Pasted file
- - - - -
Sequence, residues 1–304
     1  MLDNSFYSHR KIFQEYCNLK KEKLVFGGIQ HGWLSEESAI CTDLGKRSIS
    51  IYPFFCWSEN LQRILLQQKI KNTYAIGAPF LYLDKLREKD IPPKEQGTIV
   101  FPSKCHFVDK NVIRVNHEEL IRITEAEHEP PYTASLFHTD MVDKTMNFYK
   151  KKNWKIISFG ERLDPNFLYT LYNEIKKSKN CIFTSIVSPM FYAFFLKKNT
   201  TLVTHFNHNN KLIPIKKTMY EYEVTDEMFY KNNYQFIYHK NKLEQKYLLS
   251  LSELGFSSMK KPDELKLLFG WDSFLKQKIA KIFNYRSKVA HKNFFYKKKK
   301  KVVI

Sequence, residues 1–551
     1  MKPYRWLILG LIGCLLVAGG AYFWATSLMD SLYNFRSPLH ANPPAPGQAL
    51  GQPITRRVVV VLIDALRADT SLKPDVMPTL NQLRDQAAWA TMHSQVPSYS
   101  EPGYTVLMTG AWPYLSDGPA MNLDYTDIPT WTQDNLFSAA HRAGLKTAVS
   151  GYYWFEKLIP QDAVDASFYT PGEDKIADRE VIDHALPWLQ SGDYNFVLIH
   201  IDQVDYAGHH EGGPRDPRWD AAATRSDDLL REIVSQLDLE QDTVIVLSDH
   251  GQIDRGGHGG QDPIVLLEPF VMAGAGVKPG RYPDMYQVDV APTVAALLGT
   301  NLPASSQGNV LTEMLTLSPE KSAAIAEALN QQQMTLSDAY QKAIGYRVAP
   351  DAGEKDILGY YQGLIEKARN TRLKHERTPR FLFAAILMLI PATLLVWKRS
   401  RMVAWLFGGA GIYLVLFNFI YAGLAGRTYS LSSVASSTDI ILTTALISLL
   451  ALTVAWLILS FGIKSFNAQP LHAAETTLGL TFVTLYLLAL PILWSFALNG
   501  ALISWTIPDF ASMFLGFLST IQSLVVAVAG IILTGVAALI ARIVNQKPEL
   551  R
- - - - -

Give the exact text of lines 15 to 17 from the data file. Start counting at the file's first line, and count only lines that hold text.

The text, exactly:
   251  GQIDRGGHGG QDPIVLLEPF VMAGAGVKPG RYPDMYQVDV APTVAALLGT
   301  NLPASSQGNV LTEMLTLSPE KSAAIAEALN QQQMTLSDAY QKAIGYRVAP
   351  DAGEKDILGY YQGLIEKARN TRLKHERTPR FLFAAILMLI PATLLVWKRS